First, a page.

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A Quality Collection of Historical Themes

The Varied Facets of History: Essays in Honour of Aniruddha Ray edited by Ishrat Alam and Syed Ejaz Hussain (Delhi: Primus Books), 2011; pp vii + 305, Rs 795.

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A Quality Collection of Historical Themes

Kanakalatha Mukund

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-self-development of humans is part of a process of evolutionary change could now be linked to the development of social organisation, which could otherwise only be attributed to some supernatural force. In spite of the misuse of Darwinian theory of natural selection by propo

T
his book is a tribute to the versatility and multifaceted interests of the historian Aniruddha Ray. Ranjit Sen gives a brief outline of Ray’s major areas of research – urban and social history from the 16th to the 19th centuries. Ray’s fluency in French enabled him to use the French sources extensively in his work. He also brought several fresh perspectives to the debate on the process of urbanisation and the decline of major port cities in the Mughal period when he challenged the accepted view that ports like Surat fell into decay because of Maratha incursions, and focused instead on the role of internal factors and weakening political authority.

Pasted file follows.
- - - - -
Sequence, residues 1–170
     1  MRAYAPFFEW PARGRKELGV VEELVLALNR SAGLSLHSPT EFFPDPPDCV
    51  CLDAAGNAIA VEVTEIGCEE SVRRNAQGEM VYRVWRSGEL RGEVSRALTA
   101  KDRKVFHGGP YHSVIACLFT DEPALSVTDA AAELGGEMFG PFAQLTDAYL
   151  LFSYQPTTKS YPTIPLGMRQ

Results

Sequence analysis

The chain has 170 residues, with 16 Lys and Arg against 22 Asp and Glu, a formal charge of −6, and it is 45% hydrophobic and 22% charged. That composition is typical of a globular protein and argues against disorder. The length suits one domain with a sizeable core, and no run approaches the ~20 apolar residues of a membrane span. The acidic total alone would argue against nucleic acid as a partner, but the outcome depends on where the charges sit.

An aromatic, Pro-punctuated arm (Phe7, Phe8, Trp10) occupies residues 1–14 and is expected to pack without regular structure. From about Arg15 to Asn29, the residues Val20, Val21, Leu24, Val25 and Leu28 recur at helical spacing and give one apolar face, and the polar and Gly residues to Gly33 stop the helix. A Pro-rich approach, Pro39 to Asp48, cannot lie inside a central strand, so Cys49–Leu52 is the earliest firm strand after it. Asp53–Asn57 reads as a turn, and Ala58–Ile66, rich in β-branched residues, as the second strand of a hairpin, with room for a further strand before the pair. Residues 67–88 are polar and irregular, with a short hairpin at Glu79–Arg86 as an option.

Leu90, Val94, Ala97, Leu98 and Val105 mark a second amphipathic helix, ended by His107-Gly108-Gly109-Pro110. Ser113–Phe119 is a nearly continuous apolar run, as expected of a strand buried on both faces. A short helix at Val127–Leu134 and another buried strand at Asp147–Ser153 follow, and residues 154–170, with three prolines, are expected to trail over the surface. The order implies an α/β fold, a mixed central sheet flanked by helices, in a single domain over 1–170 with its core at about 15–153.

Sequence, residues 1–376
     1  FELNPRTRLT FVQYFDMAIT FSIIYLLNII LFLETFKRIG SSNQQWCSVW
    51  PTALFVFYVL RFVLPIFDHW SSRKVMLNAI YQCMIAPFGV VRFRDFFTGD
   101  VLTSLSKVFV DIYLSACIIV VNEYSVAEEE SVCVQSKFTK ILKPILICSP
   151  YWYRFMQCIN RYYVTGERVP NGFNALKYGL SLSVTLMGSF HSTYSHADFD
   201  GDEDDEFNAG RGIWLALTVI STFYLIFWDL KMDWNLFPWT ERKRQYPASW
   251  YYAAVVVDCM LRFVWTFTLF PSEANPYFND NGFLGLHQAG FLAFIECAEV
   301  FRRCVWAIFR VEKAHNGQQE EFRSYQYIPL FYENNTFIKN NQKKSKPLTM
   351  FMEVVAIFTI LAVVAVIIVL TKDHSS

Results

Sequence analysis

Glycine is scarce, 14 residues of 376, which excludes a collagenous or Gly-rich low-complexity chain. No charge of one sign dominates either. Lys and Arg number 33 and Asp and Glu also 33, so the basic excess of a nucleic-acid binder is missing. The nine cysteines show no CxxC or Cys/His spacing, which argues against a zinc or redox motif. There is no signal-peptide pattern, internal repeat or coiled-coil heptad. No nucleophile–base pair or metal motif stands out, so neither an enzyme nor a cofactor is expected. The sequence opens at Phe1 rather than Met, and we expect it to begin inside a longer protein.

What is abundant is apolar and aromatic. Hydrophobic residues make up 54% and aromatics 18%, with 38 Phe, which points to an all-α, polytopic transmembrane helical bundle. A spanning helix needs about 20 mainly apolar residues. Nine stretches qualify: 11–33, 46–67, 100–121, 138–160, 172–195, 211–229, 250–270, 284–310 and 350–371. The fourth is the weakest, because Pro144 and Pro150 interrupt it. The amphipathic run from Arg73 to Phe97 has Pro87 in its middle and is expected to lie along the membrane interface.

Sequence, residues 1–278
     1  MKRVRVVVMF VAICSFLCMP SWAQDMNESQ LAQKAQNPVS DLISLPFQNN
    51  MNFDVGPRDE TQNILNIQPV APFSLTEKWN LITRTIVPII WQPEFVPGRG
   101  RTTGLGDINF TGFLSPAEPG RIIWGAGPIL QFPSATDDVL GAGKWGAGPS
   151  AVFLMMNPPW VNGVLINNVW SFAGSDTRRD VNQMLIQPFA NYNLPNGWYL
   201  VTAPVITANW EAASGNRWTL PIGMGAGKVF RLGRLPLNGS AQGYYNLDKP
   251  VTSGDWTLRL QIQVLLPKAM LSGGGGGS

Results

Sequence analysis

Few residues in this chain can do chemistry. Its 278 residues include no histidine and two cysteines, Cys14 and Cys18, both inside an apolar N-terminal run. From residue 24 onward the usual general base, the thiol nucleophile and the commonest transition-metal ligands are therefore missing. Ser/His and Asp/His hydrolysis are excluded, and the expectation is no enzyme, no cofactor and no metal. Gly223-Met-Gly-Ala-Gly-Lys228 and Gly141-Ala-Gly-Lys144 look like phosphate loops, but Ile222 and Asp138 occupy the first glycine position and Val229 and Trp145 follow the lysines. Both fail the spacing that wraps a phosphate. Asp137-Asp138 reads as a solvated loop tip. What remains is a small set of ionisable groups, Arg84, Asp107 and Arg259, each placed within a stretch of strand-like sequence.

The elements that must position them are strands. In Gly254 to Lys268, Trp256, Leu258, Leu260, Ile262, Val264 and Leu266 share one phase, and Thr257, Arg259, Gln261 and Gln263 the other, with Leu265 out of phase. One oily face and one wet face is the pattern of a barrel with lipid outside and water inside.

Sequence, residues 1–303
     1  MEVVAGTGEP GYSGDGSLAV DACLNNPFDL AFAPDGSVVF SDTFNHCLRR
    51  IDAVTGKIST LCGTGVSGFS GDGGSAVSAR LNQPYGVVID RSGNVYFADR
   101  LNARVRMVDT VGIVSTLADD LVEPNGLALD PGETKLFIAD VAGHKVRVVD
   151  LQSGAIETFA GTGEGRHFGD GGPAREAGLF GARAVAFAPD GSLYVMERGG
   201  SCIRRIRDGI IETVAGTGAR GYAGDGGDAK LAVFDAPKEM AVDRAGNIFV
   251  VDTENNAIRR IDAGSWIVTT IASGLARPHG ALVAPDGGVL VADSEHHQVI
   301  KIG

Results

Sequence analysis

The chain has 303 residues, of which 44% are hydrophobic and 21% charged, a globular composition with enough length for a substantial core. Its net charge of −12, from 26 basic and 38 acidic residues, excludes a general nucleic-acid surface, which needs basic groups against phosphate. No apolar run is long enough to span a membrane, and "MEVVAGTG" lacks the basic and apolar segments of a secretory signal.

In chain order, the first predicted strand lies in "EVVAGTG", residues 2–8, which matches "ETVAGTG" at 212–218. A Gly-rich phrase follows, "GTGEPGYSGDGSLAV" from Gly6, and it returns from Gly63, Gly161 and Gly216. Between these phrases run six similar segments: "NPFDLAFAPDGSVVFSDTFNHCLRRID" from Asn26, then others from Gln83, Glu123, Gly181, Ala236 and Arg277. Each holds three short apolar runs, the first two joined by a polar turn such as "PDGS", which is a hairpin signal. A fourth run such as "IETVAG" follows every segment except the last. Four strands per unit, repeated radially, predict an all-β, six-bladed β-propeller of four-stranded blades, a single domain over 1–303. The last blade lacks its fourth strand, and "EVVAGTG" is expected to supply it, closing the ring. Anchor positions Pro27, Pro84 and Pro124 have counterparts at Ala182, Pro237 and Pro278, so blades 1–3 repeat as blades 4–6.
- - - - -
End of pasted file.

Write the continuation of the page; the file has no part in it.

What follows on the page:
The 16 contributions to his felicitation volume take up the themes close to Ray’s heart. Unfortunately, the range of topics covered in the articles is so

The Varied Facets of History: Essays in Honour of Aniruddha Ray edited by Ishrat Alam and Syed Ejaz Hussain (Delhi: Primus Books), 2011; pp vii + 305, Rs 795.

diverse that there is no cohesive theme on which a critical review can be c entred. The one common underlying thread that is noticeable in most (but not all) of the papers is the use of texts and other documents as sources for reconstructing social history. The papers are arranged chronologically though it would have been more to the purpose if they had been grouped for Bengal, medieval and Mughal India, and others.

The book begins with a brief comment by Shireen Moosvi as to how Charles Darwin’s theory of evolution has also changed the perception of human social development in history. The n otion that the physical and anatomical

Economic & Political Weekly

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april 21, 2012 vol xlvii no 16

nents of the superiority of European/ Nordic races, Darwin served to bring history out of the realm of creationism to a more scientific understanding of human development.

About Bengal